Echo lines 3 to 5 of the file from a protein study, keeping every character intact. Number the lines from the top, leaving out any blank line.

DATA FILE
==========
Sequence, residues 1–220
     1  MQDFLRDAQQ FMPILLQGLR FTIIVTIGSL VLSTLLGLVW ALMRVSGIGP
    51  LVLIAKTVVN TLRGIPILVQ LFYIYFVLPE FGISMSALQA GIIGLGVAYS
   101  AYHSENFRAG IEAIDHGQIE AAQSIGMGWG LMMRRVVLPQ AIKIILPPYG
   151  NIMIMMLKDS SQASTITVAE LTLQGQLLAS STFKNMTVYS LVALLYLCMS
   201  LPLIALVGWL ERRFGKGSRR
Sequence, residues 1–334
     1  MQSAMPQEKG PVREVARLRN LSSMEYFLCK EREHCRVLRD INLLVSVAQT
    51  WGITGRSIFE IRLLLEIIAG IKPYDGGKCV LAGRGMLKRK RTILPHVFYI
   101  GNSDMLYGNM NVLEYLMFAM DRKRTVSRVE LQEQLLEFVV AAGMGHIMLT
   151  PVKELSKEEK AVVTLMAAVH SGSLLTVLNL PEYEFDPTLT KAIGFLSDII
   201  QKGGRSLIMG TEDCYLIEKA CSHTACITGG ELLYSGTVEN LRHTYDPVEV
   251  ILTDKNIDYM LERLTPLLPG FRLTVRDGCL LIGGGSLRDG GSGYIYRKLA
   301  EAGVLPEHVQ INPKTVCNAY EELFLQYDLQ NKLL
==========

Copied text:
    51  LVLIAKTVVN TLRGIPILVQ LFYIYFVLPE FGISMSALQA GIIGLGVAYS
   101  AYHSENFRAG IEAIDHGQIE AAQSIGMGWG LMMRRVVLPQ AIKIILPPYG
   151  NIMIMMLKDS SQASTITVAE LTLQGQLLAS STFKNMTVYS LVALLYLCMS